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USAID, FAO working to pre-empt next global pandemic

More than 4,700 veterinary professionals in 25 countries trained in disease surveillance, biosecurity and control methods.

A U.S.-U.N. Food & Agriculture Organization (FAO) partnership working to strengthen the capacity of developing countries to manage outbreaks of diseases in farm animals has, in just 12 months, succeeded in training more than 4,700 veterinary health professionals in 25 countries in Africa, Asia and the Middle East.

The FAO-provided technical trainings covered a gamut of key competencies, including disease surveillance and forecasting, laboratory operations, biosafety and biosecurity, prevention and control methods and outbreak response strategies.

All told, 3,266 vets in Asia, 619 in West Africa and 363 in the Middle East benefited. They are on the front line of the effort to stop new diseases at their source, FAO said.

"Over the course of this relationship, we've learned that there are many mutually beneficial areas of interest between the food and agricultural community and the human health community," said Dennis Carroll, director of the U.S. Agency for International Development's (USAID) Global Health Security & Development Unit. "A partnership with FAO not only enables us to protect human populations from future viral threats but also to protect animal populations from viruses that could decimate food supplies. It's not just a global health, infectious disease issue but also a food security, food safety and economic growth issue."

FAO chief veterinary officer Juan Lubroth said, "Some 75 of new infectious diseases that have emerged in recent decades originated in animals before jumping to us Homo sapiens, a terrestrial mammal. This is why improving adequately discovering and tackling animal disease threats at source represents a strategic high ground in pre-empting future pandemics.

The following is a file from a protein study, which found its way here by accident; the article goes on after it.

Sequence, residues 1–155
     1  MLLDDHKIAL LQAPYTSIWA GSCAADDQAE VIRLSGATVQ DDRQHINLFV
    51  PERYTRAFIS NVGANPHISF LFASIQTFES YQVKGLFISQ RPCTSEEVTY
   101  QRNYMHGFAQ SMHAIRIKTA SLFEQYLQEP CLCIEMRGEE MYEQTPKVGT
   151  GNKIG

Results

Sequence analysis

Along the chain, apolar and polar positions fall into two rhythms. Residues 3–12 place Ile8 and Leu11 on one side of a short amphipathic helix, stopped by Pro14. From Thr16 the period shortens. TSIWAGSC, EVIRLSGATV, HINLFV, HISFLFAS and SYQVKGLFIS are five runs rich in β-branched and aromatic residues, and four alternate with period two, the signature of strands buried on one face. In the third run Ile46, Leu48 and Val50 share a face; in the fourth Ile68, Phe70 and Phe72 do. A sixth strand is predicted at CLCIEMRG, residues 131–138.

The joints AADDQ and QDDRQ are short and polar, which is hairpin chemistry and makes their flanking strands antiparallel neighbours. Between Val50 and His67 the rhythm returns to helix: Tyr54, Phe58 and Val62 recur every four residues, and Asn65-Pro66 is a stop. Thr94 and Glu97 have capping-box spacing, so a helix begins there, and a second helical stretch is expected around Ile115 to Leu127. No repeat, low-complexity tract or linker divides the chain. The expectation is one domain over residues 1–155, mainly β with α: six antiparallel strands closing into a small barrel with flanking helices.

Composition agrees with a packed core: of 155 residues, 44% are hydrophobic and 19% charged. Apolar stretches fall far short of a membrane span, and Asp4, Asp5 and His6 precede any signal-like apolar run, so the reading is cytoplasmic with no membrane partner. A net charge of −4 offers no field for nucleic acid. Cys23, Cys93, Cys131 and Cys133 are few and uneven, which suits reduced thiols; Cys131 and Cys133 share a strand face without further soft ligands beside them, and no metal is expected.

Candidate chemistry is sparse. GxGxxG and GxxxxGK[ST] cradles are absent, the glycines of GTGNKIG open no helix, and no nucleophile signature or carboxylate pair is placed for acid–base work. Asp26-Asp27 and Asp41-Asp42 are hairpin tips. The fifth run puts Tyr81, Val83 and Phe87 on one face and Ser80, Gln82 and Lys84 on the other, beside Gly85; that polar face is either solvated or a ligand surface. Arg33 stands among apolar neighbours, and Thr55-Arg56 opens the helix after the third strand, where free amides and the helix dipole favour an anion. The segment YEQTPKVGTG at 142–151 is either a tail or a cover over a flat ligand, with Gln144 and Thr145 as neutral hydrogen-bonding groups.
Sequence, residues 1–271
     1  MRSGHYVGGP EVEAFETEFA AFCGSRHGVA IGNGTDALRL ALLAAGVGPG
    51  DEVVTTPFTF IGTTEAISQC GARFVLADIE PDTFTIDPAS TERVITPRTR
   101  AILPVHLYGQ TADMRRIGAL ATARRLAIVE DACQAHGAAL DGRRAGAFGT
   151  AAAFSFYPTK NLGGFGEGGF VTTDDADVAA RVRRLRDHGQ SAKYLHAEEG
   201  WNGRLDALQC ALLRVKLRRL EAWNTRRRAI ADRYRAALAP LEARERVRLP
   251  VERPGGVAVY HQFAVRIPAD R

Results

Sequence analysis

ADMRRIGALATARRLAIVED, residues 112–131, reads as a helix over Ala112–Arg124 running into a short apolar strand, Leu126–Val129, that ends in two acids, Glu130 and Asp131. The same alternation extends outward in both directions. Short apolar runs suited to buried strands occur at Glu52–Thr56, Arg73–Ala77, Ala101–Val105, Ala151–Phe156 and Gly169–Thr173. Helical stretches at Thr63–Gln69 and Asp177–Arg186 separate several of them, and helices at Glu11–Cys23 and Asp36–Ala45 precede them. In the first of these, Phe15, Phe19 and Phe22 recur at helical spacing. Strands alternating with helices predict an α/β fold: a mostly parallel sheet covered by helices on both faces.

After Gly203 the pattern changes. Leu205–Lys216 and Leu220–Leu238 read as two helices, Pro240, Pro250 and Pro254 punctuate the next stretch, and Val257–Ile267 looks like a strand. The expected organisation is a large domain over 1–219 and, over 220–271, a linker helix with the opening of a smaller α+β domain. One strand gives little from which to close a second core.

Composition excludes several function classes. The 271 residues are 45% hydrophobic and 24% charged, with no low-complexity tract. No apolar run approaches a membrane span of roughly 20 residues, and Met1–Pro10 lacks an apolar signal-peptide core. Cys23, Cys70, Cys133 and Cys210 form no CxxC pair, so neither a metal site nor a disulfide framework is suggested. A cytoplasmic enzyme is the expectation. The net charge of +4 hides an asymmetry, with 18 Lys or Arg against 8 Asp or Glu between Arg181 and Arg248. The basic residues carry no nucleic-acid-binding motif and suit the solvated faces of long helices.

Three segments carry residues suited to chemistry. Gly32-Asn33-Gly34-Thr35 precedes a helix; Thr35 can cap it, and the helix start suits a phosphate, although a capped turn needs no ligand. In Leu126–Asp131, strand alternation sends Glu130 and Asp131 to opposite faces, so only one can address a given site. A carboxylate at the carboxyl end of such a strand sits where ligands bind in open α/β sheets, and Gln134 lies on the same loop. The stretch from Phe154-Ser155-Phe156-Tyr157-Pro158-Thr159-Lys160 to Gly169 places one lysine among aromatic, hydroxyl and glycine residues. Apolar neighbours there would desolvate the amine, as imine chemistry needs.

"A proactive approach is absolutely critical, and for that, the world needs well-trained, up-to-speed professionals — biologists, ecologists, microbiologists, modelers, physicians and veterinarians — which is why the United States' consistent support for building up that kind of capacity has been invaluable," Lubroth said.

Viral risks

Population growth, agricultural expansion and environmental encroachment and the rise of intercontinental food supply chains in recent decades have dramatically altered how diseases emerge, jump species boundaries and spread, FAO research has shown.

A new study just published by Carroll and experts from several institutions, including FAO, suggests that only 0.01% of the viruses behind zoonotic disease outbreaks are known to science. The authors have proposed an international partnership, The Global Virome Project, aimed at characterizing the most risky of these. Doing so would allow more proactive responses to disease threats, with benefits not only for public health but also for the livelihoods of poor, livestock-dependent farming communities.

The close FAO-USAID partnership on animal health goes back over a decade. Experts from the two organizations are meeting in Rome, Italy, to review the progress achieved in the past year and how to respond to threats like species-jumping zoonotic illnesses and the growing trends of antimicrobial resistance and options for intervention measures in food production and protection of public health.

Economic impacts

Beyond the risks posed to human health, animal diseases can cost billions of dollars and hamstringing economic growth, FAO said.

The most damaging outbreaks of high impact disease in recent decades all had an animal source, including H5N1 highly pathogenic avian influenza, H1N1 pandemic influenza, Ebola, severe acute respiratory syndrome and Middle East Respiratory Syndrome.

For example, FAO said the H5N1 outbreak of the mid-2000s caused an estimated $30 billion in economic losses globally; a few years later, H1N1 racked up as much as $55 billion in damages.

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